A naive implementation of async lock

Behind the scenes the implementation uses SemaphoreSlim to do all the heavy lifting which already has a support for async/await.

You would normally use AsyncLock within a “using” statement. To keep the implementation as simple as possible I do not use any cancellation tokens for any of the operations.


private readonly AsyncLock _lock = new AsyncLock();
public async Task DoSomethingAsync()
  using (await _lock.EnterAsync())
    await Task.Delay(TimeSpan.FromSeconds(1));


Retrieving state in a FirstChanceException in .NET — Network Programming in .NET

If you’re using a application-wide FirstChanceException handler, this is great for covering lots of bases at once, it helps make sure that you can catch (and record) an exception even if it happens with a bit of code you didn’t expect. However, the scope of the handler is what it is, so accessing state, and […]

Retrieving state in a FirstChanceException in .NET — Network Programming in .NET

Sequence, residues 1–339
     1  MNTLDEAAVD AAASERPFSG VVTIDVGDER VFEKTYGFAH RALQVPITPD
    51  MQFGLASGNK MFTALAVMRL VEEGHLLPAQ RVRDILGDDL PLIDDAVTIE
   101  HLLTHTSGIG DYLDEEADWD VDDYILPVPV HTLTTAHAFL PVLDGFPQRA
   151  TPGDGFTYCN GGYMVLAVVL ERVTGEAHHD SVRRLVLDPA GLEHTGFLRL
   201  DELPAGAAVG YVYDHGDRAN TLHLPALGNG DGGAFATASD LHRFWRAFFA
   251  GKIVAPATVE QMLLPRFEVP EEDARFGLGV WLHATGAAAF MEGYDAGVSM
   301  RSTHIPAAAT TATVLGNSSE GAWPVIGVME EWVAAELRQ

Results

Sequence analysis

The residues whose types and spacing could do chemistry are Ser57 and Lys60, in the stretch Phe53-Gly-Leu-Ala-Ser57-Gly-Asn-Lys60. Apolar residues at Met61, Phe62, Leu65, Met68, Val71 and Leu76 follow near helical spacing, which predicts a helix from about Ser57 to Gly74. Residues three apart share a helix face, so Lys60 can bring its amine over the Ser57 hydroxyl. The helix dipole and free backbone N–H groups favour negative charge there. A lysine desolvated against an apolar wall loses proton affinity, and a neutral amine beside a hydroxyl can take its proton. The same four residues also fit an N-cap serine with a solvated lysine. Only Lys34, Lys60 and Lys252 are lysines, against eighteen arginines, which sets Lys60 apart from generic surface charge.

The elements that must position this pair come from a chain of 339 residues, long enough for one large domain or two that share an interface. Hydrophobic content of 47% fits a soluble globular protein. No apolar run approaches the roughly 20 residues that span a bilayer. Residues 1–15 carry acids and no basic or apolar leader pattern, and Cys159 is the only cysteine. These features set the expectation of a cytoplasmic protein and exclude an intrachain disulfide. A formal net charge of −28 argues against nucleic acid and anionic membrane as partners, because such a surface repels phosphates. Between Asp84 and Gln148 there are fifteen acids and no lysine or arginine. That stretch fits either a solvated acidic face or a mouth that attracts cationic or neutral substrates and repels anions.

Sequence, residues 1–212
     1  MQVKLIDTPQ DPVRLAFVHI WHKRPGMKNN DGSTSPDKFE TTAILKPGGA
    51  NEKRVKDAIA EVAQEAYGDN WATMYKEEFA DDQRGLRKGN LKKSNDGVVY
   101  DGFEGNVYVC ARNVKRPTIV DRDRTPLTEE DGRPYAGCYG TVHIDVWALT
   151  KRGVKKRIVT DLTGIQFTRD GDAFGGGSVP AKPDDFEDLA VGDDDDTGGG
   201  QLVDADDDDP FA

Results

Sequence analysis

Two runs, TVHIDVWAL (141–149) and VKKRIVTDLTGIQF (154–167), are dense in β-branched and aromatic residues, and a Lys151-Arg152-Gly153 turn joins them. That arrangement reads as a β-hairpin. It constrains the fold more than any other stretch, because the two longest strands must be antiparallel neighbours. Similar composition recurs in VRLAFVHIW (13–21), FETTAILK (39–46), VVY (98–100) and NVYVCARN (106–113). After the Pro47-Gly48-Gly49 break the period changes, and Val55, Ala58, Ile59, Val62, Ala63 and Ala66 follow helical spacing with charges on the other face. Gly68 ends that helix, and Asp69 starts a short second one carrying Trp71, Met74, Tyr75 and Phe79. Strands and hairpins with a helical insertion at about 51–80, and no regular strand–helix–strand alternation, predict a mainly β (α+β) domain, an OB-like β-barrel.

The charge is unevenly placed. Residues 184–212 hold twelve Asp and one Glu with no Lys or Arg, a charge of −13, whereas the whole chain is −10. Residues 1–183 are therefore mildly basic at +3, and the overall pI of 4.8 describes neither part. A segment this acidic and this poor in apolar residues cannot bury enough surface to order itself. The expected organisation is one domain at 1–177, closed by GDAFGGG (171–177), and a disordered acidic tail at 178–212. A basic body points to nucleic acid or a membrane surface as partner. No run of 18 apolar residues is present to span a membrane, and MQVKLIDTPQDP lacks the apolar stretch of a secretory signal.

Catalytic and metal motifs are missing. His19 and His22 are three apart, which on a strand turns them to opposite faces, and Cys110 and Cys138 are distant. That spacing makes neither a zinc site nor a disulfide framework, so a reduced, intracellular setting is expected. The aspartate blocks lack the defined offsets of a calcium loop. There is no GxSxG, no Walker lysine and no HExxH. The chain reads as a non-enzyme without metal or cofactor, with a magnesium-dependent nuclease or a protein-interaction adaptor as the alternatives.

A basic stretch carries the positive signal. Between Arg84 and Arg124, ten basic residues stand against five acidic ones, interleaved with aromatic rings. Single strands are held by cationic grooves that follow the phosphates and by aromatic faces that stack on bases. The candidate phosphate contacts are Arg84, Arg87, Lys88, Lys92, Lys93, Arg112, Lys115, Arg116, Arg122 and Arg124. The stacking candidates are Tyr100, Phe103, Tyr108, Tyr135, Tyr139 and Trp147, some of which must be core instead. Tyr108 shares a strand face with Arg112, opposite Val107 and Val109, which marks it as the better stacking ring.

C#: Thread Safe Event calls

Sudhanshu's Ode to Code

Hello World,

While working on a multi-threaded Windows service that used events heavily, I did some research on how to trigger events in a thread safe manner. Inevitably, one looks for reference material or books that have the respect of the community and Jeffery Richter’s CLR via C# is one such resource.

The Context

In the chapter on Events (Chapter 11, pg 265 in the eBook), Jeffery summarizes the first 3 steps of how to raise events in a thread safe manner by providing a snippet for an extension method that can do this as such:

The above code is supposed to be an improvement over the following way where one uses a temp variable to store the passed in delegate instance and then compares the temp to null:

The reason why he proposes the code in the extension method over the simpler approach above is that though in theory…

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